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Culture & Environment

  • Katy Cook
Open Access
Chapter

Abstract

This chapter looks critically at the environment and culture of Silicon Valley, with particular attention to issues around gender and ethnic diversity, and the consequences of having a largely homogenous workforce. Chapter  3 explores how occupational inequality in tech is encoded into the industry’s products, the implications of such insularity, and the social and financial benefits of pluralism.

Our individual psychology is complemented and formed, to a large degree, by our environment, which we can think of as the surroundings and conditions of any place we live, work, or spend our time. We exist in multiple environments simultaneously, including our home and family, work life, social circle, and the geographic or physical spaces we inhabit, each of which has its own distinctive patterns, qualities, and behaviors that are considered the norm within that group. Two of the most salient features of any environment are the people who comprise it and the quality of the relationships and interactions that occur within it.

Just as we can work to better understand our individual psychology, we can also infer certain features and qualities about the psychological health of our environments. The disciplines of environmental and cultural psychology explore the relationships, social dynamics, norms, and customs of different cultures and groups. In order to understand a social environment, psychologists might study the makeup of the community: who comprises it? Is it a diverse or homogenous group? Is it inclusive, welcoming, and connected, or exclusive, inhospitable, and isolated? They would also observe the quality of the relationships: are the interactions between members of the group healthy or unhealthy? Do members of the group support each other and treat each other with respect? Finally, we might ask more about the cultural norms: What is permissible? Do all members of the community feel psychologically safe? Answering these questions would not only help us to better understand different environments, but also provide an indication of the relative health of a group’s culture.

At an individual level, the quality of our environment can profoundly impact both our physical and mental health.1,2 Collectively, the culture of an organization informs the broader psychosocial health of its workforce. At an even higher level, the psychological health of an industry—its behavioral norms, group dynamics, and in-group relationships—can have profound social consequences as these bleed beyond the confines of the industry. If the psychology and values of an industry are sound, or at least not grossly negligent or unhealthy, we may never notice or even think about an industry’s culture. When group psychological health is in some way compromised, however, its effects may be observable or experienced beyond the industry itself. A thorough study of pre-2008 Wall Street culture, for example, might have uncovered a male-dominated, risk-oriented, and profit-hungry industry focused on short-term returns. The financial typhoon that resulted from specific behaviors and priorities was, to a large degree, the result of the culture of the industry at that time.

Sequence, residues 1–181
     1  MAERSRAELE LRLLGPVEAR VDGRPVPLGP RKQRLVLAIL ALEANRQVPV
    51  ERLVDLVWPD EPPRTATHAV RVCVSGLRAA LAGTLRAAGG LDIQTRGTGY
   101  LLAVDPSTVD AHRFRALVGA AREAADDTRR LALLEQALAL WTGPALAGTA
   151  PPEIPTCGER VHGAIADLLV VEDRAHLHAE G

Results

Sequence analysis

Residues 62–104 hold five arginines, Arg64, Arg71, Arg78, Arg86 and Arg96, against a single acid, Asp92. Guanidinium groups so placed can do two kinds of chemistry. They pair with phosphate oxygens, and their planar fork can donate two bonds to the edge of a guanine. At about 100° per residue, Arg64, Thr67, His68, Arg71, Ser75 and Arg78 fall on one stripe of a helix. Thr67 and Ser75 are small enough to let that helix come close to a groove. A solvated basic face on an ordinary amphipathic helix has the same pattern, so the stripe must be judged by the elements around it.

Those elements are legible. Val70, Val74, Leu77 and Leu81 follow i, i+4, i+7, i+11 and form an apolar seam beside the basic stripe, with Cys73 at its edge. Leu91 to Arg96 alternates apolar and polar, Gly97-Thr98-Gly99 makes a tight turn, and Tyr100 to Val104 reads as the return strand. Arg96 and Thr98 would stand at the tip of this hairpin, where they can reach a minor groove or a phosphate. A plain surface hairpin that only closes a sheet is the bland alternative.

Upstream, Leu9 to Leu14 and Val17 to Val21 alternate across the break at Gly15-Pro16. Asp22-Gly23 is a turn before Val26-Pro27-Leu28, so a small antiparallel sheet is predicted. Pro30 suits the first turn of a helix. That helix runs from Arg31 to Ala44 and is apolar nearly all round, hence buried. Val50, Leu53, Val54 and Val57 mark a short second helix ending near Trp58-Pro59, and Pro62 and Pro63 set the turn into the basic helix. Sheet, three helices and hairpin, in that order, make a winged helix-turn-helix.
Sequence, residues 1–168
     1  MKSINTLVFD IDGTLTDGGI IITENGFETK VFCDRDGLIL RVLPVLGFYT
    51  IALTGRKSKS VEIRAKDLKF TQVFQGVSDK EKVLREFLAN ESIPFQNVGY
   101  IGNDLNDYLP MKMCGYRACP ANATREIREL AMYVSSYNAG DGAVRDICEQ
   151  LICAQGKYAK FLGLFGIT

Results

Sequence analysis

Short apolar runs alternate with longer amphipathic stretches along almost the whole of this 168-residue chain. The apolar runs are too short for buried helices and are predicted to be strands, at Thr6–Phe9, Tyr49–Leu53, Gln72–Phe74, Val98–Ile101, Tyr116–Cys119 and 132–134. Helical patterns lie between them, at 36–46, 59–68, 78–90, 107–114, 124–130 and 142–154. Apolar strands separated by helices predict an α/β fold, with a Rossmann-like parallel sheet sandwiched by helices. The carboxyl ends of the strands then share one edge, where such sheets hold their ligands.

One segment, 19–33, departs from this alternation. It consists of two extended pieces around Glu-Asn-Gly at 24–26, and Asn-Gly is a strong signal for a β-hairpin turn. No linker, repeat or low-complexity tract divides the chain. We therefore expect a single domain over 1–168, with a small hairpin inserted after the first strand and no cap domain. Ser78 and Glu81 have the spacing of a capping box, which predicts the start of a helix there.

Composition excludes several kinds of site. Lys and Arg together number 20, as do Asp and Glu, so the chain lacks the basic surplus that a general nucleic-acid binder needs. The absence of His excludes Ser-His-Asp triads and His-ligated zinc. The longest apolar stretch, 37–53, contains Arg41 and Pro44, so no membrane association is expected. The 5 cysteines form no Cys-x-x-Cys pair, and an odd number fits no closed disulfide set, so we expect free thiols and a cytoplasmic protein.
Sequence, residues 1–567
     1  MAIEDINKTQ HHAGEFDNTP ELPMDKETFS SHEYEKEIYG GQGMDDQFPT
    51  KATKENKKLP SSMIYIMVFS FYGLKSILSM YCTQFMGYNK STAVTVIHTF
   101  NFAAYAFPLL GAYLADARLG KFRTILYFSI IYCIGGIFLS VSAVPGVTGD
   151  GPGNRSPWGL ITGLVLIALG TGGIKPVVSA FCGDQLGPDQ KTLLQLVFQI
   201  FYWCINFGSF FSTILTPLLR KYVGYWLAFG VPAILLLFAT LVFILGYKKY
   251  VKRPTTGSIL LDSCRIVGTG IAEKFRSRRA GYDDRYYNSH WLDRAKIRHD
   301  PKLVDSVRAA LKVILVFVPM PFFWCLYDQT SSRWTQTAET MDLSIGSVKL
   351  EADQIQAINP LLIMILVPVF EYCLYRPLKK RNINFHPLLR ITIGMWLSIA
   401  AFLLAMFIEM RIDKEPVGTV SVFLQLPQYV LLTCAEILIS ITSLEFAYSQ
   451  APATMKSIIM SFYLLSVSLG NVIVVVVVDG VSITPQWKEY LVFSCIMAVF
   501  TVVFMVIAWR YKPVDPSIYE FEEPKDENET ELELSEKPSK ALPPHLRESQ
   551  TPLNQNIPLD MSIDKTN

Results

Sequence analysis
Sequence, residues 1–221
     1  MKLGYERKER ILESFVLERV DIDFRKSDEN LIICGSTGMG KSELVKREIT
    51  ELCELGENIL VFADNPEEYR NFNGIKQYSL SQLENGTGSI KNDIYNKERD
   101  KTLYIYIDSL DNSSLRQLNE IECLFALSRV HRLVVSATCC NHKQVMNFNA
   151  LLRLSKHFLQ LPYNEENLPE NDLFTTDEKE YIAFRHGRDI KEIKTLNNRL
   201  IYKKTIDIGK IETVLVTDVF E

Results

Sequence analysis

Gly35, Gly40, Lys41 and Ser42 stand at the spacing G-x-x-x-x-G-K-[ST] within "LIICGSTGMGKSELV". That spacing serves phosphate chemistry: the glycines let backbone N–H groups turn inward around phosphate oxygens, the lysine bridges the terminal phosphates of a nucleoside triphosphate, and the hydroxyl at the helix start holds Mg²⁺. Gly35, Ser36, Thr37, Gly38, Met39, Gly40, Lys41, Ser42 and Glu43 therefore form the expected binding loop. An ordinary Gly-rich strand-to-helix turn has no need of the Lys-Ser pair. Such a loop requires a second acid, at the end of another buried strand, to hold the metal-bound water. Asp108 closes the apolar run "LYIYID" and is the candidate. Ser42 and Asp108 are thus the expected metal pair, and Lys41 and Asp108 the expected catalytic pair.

Cupertino, We Have a Problem

My time in Silicon Valley can generally be divided into two categories: things I felt privileged to see and things I wished I could un-see. The former was almost always a result of products shown or described to me: apps that laid out non-partisan local voting information, impact investing platforms, phones designed to reduce specific absorption rates3 to protect users from radiation, early warning indicators for medical imaging, drones that tracked and predicted poaching patterns. The things I wanted to un-see were almost always social: the way people spoke to each other, venture capitalists (VCs) bullying young CEOs, women feeling unwelcome in their jobs, sexual harassment , a lack of awareness of others’ feelings, and a staggering amount of unconscious bias . As the months passed, I realized everything I wanted to un-see came back to a problem of culture, of what was permissible within the working relationships of the industry that elsewhere would not have been acceptable.

A number of unflattering realities, including skewed hiring practices, rampant bias, and a shocking degree of insularity have led to what engineer Erica Joy Baker calls a “catastrophic failure in [the] culture”4 of Silicon Valley. Perpetuated by what Tom Goodwin describes as a “tribe of people that have come together and reinforce questionable values with each other,”5 the cultural problems in Silicon Valley tend to come back to three primary issues, from which a variety of other complications arise. First, tech tends to be an uncommonly homogenous culture, marked by a lack of diversity and an unwillingness to embrace pluralism; second, it is rife with discrimination, including sexism , ageism, and racism, as well as harassment ; and third, there is a disturbing level of immaturity that permeates many corporations, often emanating from the highest levels of the company. You can probably already see these issues are interrelated: a homogenous culture is more likely to exhibit discriminatory behaviors; discrimination is more likely to run rampant and unchallenged in an immature organization. Without the awareness necessary to recognize such behaviors as inappropriate, tendencies become patterns, which become increasingly embedded not only in the industry’s culture, but also in its products.